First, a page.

FTX: And in the end, Binance wins

After several twists and turns, crypto exchange Binance will not be buying out its main rival FTX. The markets are in free fall.

A sequence worthy of the best films.

Last week, Binance boss Changpeng Zhao (nicknamed "CZ"), announced in a tweet that his group - 120 million users - was not going to get its hands on FTX after all, which is none other than one of its main rivals.

What happened? How did FTX go bankrupt in the space of a few days? A look back at one of the most incredible sequences in the short history of cryptos.

What happened?

It all started last Sunday. In a tweet, "CZ" explained that his group was going to sell all its "FTT", the token issued by its American rival FTX.

FTT tokens offer their holders advantages on the FTX exchange platform.

"CZ" said it wanted to sell just over $500 million worth of FTT, which it had held since the sale of its shares in FTX. Above all, he said the sale was linked to "recent information" - from Coindesk - that the financial balance sheet of investment firm Alameda Research was largely made up of... FTT tokens.

What's the problem?

The fact that Alameda Research holds FTTs is not a problem in itself. The (big) problem is that Alameda Research is owned by Sam Bankman-Fried (nicknamed 'SBF'), who is also the boss of... FTX. In other words, the two companies owned by the same man support each other. Not very reassuring! 😅

According to Coindesk, Alameda reportedly has $3.66bn in FTX and $2.16bn listed as FTX "collateral". The remaining few billion is said to be tokens from projects backed by Sam Bankman-Fried, including Solana, Serum, Maps, Oxy and Fida.

Alameda chief executive Caroline Ellison clarified on Sunday that the figures disclosed by Coindesk represented only a "fraction" of the company's holdings, and that it had an additional $10 billion in assets.

This, however, was not enough to allay the fears of some in the markets. Quickly, the FTT token sold off in droves, dropping well below the $20 mark, a level it hasn't touched for almost two years...

Most importantly, investors began pulling their funds out of FTX.

How did Sam Bankman-Fried react?

The FTX boss insisted until Tuesday that his platform was doing "fine". "A competitor is trying to come after us with false rumours," he tweeted, adding, "FTX is fine. Assets are fine. FTX can cover all customer assets."

Sam Bankman-Fried, who did not mention the Alameda situation, concluded with a dig at Binance: "I would love it, Changpeng Zhao, if we could work together for the ecosystem."

What triggered the buyout?

SBF's words did nothing. Within two days, tens of thousands of FTX customers had withdrawn their funds from the platform.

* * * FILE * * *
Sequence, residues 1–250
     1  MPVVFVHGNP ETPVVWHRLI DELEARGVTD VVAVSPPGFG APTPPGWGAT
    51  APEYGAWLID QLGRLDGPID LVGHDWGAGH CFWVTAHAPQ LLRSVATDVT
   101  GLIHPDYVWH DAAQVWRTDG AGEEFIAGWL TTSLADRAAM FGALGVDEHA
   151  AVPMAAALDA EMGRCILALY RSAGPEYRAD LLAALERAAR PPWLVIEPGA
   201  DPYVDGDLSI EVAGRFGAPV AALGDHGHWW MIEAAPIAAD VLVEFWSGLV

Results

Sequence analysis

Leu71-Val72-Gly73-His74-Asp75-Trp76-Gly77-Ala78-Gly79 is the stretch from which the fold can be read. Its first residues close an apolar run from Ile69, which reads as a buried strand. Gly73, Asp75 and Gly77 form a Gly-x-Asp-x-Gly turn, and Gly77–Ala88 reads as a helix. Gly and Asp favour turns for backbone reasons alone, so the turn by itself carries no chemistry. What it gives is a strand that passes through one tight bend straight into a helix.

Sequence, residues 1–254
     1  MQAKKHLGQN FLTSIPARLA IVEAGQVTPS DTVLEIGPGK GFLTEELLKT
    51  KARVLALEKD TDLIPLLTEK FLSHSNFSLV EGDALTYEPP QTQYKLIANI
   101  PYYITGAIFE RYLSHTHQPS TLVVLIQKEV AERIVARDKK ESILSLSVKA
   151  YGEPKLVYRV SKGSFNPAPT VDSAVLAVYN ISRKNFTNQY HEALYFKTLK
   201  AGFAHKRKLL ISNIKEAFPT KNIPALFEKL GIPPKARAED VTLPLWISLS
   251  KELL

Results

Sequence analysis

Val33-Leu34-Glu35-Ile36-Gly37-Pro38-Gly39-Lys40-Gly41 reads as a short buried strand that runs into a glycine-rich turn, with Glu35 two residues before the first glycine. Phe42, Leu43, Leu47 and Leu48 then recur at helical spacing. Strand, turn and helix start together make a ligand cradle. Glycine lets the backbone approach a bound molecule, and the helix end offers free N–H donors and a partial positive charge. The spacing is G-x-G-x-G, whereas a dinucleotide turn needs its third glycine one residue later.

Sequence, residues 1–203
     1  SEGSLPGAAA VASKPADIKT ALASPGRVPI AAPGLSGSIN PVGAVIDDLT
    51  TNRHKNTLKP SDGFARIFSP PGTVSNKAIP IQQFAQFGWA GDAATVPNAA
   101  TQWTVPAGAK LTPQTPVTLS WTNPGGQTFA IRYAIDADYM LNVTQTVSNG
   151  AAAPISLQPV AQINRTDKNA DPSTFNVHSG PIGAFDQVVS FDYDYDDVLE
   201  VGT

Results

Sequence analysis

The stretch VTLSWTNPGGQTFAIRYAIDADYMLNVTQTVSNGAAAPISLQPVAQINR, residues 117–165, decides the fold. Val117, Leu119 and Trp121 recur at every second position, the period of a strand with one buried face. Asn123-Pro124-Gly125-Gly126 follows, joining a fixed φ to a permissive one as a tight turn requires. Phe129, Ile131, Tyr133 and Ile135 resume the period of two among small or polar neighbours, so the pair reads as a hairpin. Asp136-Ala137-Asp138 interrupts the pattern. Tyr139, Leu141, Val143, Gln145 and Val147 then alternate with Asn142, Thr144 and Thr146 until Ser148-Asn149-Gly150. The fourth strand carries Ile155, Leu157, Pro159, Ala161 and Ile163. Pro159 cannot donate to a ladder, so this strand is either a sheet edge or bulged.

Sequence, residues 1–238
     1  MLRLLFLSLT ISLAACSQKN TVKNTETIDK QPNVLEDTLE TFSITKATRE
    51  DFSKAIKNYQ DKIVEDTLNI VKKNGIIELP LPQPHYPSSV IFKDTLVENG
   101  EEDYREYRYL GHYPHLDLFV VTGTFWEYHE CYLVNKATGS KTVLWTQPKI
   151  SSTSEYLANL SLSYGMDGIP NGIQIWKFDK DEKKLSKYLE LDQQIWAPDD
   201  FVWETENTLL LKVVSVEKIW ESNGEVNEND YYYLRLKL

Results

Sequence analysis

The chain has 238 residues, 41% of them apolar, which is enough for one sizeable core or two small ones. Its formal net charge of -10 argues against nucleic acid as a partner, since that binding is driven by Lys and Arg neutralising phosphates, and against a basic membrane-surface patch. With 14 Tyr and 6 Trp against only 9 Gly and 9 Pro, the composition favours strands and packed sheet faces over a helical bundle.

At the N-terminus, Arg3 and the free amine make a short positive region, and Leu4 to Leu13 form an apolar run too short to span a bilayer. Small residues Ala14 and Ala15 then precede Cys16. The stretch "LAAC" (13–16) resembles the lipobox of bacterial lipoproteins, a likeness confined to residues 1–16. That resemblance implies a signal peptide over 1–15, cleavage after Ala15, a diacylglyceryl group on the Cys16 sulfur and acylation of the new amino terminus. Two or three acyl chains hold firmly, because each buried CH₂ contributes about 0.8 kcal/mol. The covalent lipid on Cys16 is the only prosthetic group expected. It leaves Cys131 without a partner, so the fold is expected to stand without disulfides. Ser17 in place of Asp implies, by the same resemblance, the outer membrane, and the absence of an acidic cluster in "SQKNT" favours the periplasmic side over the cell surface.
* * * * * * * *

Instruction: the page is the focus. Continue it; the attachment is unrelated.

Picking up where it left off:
According to a message posted by the young boss on the company's Telegram account, the company recorded around $6 billion in net withdrawals in the space of 72 hours! FTX was soon overwhelmed and had no choice but to stop withdrawals. On Tuesday, customers could no longer retrieve their funds by midday.

At the end of the day, CZ and SBF simultaneously announced an agreement to allow FTX to resume operations and manage the liquidity problems 💸.

But yesterday, CZ therefore announced that it would not be buying the company, which would doom FTX... and potentially all its users. In a letter sent to investors, which included a number of giants such as Sequoia and SoftBank, SBF explained that it was "sorry" and would do everything it could to limit the losses.

This turnaround is quite incredible. At the beginning of October, in an interview with The Big Whale (available here in Premium access), SBF had explained that FTX was in great shape and was even planning to make "major acquisitions", particularly in Europe.

What could have caused this "battle"?

Interviewed earlier this week, "CZ" explained that it had taken the decision to sell all its FTT tokens solely to best manage market "risks", a few months after the collapse of the Terra Luna project. In the spring, the collapse of Luna had caused major upheaval and brought down several players in the sector such as Celsius.

But the explanation surely lies elsewhere. For some weeks now, tensions between the American and the Chinese-Canadian have been rising steadily over regulation.

Had SBF become too troublesome for CZ? It's hard to say. In any case, it marks a turning point in the sector.

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